Restaurant Reviews

Growing Pains: The Newest El Tiempo Cantina Is Struggling With the Basics

It takes major cojones to build a new Tex-Mex restaurant a stone's throw from quirky Irma's downtown and right next door to the original Ninfa's, on Navigation. It takes even bigger cojones if the eponymous Ninfa Laurenzo was your grandmother.

But that's exactly what Domenic Laurenzo did this past February when he opened the fifth Laurenzo's El Tiempo Cantina in the Tex Mex-rich second ward. It was definitely a risk, and one that doesn't seem to have paid off just yet.

To wit: The much-lauded margarita sitting before me during a Tuesday dinner was an unfortunate, sickly shade of chartreuse, a color more often found in a bottle marked "real lime flavor" in the mixers section of the liquor store than on a lime tree growing in nature. I took a sip. I winced. Best margaritas in Houston? I passed it to my friend, an expert in Tex-Mex cuisine and, to be honest, an expert in booze as well.

"Yeah, that's sour mix," he said. I pushed it aside. I'm not consuming those calories unless I'm getting some vitamin C in the form of real lime juice out of it, too.

While not sipping on my drink during the short wait for the food to arrive, I noticed that, like my drink, the restaurant was also lacking. In customers. The place was full of waiters hustling and bustling around, sweating under the strain of their busy jobs. And yet, the dining room was otherwise empty.

Solid wooden chairs and tables are packed close together to accommodate the maximum number of patrons, but both that evening and the next day at lunch El Tiempo was oddly bereft of customers. The parking lot was nearly empty, too, save for the bright blue van offering car washing and detailing while you dine (half-price washes during happy hour, naturally), as if it were an incentive to park here and eat here instead of at the similar (and historic) building only a short walk away.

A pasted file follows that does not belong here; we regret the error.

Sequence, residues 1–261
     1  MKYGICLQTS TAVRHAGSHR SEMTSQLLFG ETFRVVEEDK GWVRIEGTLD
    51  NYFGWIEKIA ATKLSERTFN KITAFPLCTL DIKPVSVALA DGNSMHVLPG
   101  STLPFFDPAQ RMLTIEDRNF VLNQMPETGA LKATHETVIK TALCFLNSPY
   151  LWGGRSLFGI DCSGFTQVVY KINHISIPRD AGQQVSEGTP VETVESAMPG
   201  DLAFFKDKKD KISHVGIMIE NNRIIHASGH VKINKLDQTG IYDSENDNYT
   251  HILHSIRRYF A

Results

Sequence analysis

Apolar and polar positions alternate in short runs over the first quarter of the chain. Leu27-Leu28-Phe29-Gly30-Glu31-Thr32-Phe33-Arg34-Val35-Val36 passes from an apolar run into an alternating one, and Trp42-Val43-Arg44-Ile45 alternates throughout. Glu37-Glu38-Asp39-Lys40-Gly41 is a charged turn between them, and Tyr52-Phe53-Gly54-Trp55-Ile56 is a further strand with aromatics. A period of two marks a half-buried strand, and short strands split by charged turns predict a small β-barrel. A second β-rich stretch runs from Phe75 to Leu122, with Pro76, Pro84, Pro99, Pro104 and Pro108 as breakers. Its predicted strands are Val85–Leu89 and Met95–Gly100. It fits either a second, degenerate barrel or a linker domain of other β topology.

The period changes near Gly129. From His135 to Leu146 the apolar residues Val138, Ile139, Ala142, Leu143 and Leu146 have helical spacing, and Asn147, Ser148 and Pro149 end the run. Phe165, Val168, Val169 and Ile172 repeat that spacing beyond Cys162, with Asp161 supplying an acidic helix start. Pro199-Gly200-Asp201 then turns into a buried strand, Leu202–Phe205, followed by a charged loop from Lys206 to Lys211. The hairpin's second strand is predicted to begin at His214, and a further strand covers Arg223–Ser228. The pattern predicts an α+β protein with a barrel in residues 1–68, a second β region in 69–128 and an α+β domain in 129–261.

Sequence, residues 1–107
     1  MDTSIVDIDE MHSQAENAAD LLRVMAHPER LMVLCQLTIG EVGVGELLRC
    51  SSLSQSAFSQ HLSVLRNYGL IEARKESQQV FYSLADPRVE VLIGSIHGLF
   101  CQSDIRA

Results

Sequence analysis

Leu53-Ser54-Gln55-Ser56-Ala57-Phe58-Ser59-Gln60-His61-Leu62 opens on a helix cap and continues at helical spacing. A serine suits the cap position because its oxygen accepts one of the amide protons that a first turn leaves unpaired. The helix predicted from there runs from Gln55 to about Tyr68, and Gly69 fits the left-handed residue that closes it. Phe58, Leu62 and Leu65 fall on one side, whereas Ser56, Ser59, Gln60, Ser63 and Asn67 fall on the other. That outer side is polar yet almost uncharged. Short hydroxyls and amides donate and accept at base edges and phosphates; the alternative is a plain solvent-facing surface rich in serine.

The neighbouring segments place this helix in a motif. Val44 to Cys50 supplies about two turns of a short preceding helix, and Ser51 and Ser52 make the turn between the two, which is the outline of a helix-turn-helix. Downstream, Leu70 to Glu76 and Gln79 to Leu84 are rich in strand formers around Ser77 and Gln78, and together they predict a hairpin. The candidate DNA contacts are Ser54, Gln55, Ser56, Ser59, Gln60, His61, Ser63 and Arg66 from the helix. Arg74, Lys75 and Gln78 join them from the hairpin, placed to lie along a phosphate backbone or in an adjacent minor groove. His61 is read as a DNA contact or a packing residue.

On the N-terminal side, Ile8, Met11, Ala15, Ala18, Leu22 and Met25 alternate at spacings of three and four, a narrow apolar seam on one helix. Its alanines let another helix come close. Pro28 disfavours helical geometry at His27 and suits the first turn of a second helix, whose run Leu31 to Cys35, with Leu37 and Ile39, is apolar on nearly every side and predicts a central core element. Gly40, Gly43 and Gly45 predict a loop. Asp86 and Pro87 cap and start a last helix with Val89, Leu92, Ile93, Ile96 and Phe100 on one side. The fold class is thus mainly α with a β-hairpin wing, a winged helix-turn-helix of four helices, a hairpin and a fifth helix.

Perhaps because of familial ties, or perhaps because of the proximity, it's difficult not to compare this El Tiempo to Ninfa's, whose beckoning sign is clearly visible from the El Tiempo parking lot across a small side street. At Ninfa's you get history, you get waiters who stop at your table and chat, you get a communal dining experience no matter how many people are sitting at your table. You get consistent food and great margaritas.

At El Tiempo on Navigation, they seem to still be figuring all that out. Domenic Laurenzo and his father, Roland, opened the first El Tiempo in Upper Kirby in 1998, then expanded the empire to include several other El Tiempos, as well as Laurenzo's Prime Rib, an Italian-Mexican-Steakhouse restaurant. Laurenzo's is known for great meat in generous portions, and El Tiempo has become famous for its fajitas and margaritas, two things the newest addition hasn't yet mastered.

A few menu items at the branch on Navigation are gems of Tex-Mex cuisine, namely the queso flameado and the homemade salsas, but others, such as the fajitas, were chewy and lackluster. And the margaritas? I can only imagine that the force that was Mama Ninfa would take one sip and politely tell the server, "Thanks, but no thanks." Then she'd gracefully walk next door to her namesake for a proper drink.
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Anyone familiar with the history of Tex-Mex in Houston is likely aware of the Ninfa's chain's boom and bust, from its beginning in the 1990s through 2006, when the Ninfa's on Navigation severed ties with all the namesakes and the Laurenzos. The first El Tiempo was the family's attempt to get the Laurenzo name back out there in Houston and re-establish that Ninfa knew what she was doing when she opened her first taco stand way back in 1973. The Original Ninfa's remains a testament to the family's skills in creating and operating a successful and consistently good Tex-Mex restaurant. Why Domenic Laurenzo felt the need to open a similar but (so far) subpar family restaurant next door is beyond me.

There's no doubt that Laurenzo is a skilled general contractor. He has traveled across Mexico in search of decorative pieces for his restaurants, and they reflect the Mexican aesthetic without looking like an amusement-park Mexican restaurant or something you'd find on San Antonio's Riverwalk. There aren't any mariachis in full regalia or overly bright tilework or neon signs flashing "Corona" or "Tecate."

Instead, there's rustic woodwork, intricate wrought iron and giant carved wooden toros and caballos that greet guests at the door and usher them into the dining room. Oversized Medieval-style round chandeliers hang from the ceiling, emitting soft, yellow light from their decorative glass lamps. Outside, there are cactus and yucca gardens accented by bright turquoise ironwork flanking paths that lead toward the stucco building. It's truly a beautiful space, and it makes me wonder if interior design — rather than menu design — is the Laurenzo family's new calling.

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Kaitlin Steinberg